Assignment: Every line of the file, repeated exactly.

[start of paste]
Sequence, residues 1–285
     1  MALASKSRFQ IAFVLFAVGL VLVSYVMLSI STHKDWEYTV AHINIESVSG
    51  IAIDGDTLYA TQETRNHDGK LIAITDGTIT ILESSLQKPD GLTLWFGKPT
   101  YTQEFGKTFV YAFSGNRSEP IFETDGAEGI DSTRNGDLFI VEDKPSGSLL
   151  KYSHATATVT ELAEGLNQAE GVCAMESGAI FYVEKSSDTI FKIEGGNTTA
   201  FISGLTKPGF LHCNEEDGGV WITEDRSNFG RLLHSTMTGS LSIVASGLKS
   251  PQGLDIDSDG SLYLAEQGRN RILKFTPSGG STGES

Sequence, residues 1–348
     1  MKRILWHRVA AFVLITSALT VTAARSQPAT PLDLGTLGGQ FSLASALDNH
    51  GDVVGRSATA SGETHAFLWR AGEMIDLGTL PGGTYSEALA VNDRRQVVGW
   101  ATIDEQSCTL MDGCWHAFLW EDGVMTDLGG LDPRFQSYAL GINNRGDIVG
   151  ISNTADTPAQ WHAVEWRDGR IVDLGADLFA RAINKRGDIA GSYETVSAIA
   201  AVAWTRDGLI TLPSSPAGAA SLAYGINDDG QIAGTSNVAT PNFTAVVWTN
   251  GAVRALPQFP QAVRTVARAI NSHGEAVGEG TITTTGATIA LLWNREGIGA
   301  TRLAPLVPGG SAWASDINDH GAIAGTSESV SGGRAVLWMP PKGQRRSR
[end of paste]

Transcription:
Sequence, residues 1–285
     1  MALASKSRFQ IAFVLFAVGL VLVSYVMLSI STHKDWEYTV AHINIESVSG
    51  IAIDGDTLYA TQETRNHDGK LIAITDGTIT ILESSLQKPD GLTLWFGKPT
   101  YTQEFGKTFV YAFSGNRSEP IFETDGAEGI DSTRNGDLFI VEDKPSGSLL
   151  KYSHATATVT ELAEGLNQAE GVCAMESGAI FYVEKSSDTI FKIEGGNTTA
   201  FISGLTKPGF LHCNEEDGGV WITEDRSNFG RLLHSTMTGS LSIVASGLKS
   251  PQGLDIDSDG SLYLAEQGRN RILKFTPSGG STGES

Sequence, residues 1–348
     1  MKRILWHRVA AFVLITSALT VTAARSQPAT PLDLGTLGGQ FSLASALDNH
    51  GDVVGRSATA SGETHAFLWR AGEMIDLGTL PGGTYSEALA VNDRRQVVGW
   101  ATIDEQSCTL MDGCWHAFLW EDGVMTDLGG LDPRFQSYAL GINNRGDIVG
   151  ISNTADTPAQ WHAVEWRDGR IVDLGADLFA RAINKRGDIA GSYETVSAIA
   201  AVAWTRDGLI TLPSSPAGAA SLAYGINDDG QIAGTSNVAT PNFTAVVWTN
   251  GAVRALPQFP QAVRTVARAI NSHGEAVGEG TITTTGATIA LLWNREGIGA
   301  TRLAPLVPGG SAWASDINDH GAIAGTSESV SGGRAVLWMP PKGQRRSR